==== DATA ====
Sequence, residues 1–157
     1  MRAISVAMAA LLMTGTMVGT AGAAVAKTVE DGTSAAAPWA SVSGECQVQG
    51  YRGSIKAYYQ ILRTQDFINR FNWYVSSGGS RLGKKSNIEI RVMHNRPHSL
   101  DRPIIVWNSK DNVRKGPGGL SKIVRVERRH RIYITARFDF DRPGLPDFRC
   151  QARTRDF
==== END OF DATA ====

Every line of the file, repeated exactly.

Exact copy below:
Sequence, residues 1–157
     1  MRAISVAMAA LLMTGTMVGT AGAAVAKTVE DGTSAAAPWA SVSGECQVQG
    51  YRGSIKAYYQ ILRTQDFINR FNWYVSSGGS RLGKKSNIEI RVMHNRPHSL
   101  DRPIIVWNSK DNVRKGPGGL SKIVRVERRH RIYITARFDF DRPGLPDFRC
   151  QARTRDF